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Raise a Nobel Laureate

Milton Friedman

5 Tips For Success That Nobel Laureates Can Teach Us

November 28,2016
the staff of the Ridgewood blog

The scientists, artists and peacemakers who win the Nobel Prize every year are as diverse as the work that ultimately brings them to the world’s attention.

That makes it a daunting task to try to glean any secrets they might have for reaching the pinnacle of achievement.

“Their personalities and paths to accomplishment are so varied that generalizations are elusive,” says David Pratt, author of “Nobel Laureates: The Secret of Their Success” (

Though the typical laureate is from a professional or academic family, and grew up in the relative privilege of the middle class, that profile doesn’t hold true for all.

Some spent their childhood in absolute poverty, in poor health or were on their own from an early age. Others were eccentric loners or late-bloomers.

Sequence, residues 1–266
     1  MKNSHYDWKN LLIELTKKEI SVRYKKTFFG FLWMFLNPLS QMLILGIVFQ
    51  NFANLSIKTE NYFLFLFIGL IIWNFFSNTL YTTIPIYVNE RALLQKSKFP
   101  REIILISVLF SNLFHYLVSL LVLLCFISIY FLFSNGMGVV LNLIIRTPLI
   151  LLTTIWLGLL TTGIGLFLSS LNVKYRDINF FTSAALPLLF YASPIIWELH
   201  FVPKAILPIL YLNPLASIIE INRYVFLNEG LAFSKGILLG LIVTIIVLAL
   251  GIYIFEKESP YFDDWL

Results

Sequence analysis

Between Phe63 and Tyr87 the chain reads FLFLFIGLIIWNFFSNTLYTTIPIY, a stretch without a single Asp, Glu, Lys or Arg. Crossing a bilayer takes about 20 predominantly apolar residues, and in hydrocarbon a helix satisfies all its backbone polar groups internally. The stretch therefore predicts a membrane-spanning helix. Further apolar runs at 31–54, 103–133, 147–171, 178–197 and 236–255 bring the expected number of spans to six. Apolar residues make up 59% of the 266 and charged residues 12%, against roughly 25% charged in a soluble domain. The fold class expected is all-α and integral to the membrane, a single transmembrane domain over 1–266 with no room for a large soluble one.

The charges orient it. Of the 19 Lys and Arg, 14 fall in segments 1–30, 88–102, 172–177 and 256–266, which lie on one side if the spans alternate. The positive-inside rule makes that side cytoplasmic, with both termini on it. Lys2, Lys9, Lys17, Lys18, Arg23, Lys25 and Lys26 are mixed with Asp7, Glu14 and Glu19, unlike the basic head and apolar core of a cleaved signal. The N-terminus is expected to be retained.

But even if their backgrounds aren’t that revealing, Pratt says, there are lessons to be learned from how they pushed and challenged themselves. He says ways to emulate them include:

• Seek out good teachers/mentors. The advantages of being born into an academic family are obvious, Pratt says. Family friends and relatives provide intellectual stimulation and emphasize scholarship and achievement. But laureates also cite the value of finding a good mentor along the way – a teacher, boss or patron who generously cleared the path to success and gently (or not so gently) prodded them down it.